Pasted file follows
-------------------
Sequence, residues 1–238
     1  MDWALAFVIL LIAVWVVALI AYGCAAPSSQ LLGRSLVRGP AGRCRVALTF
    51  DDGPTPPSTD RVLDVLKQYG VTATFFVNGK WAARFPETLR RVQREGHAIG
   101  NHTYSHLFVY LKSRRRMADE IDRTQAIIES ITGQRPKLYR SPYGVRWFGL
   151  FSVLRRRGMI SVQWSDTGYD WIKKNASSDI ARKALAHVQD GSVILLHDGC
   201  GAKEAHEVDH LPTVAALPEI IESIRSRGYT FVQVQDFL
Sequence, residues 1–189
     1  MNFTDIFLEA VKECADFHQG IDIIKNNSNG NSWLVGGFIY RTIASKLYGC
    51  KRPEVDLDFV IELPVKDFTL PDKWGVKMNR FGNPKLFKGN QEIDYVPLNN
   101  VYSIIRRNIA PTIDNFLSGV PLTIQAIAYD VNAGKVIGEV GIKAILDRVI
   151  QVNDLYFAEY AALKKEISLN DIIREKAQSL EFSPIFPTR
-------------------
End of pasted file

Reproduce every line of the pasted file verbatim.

Sequence, residues 1–238
     1  MDWALAFVIL LIAVWVVALI AYGCAAPSSQ LLGRSLVRGP AGRCRVALTF
    51  DDGPTPPSTD RVLDVLKQYG VTATFFVNGK WAARFPETLR RVQREGHAIG
   101  NHTYSHLFVY LKSRRRMADE IDRTQAIIES ITGQRPKLYR SPYGVRWFGL
   151  FSVLRRRGMI SVQWSDTGYD WIKKNASSDI ARKALAHVQD GSVILLHDGC
   201  GAKEAHEVDH LPTVAALPEI IESIRSRGYT FVQVQDFL
Sequence, residues 1–189
     1  MNFTDIFLEA VKECADFHQG IDIIKNNSNG NSWLVGGFIY RTIASKLYGC
    51  KRPEVDLDFV IELPVKDFTL PDKWGVKMNR FGNPKLFKGN QEIDYVPLNN
   101  VYSIIRRNIA PTIDNFLSGV PLTIQAIAYD VNAGKVIGEV GIKAILDRVI
   151  QVNDLYFAEY AALKKEISLN DIIREKAQSL EFSPIFPTR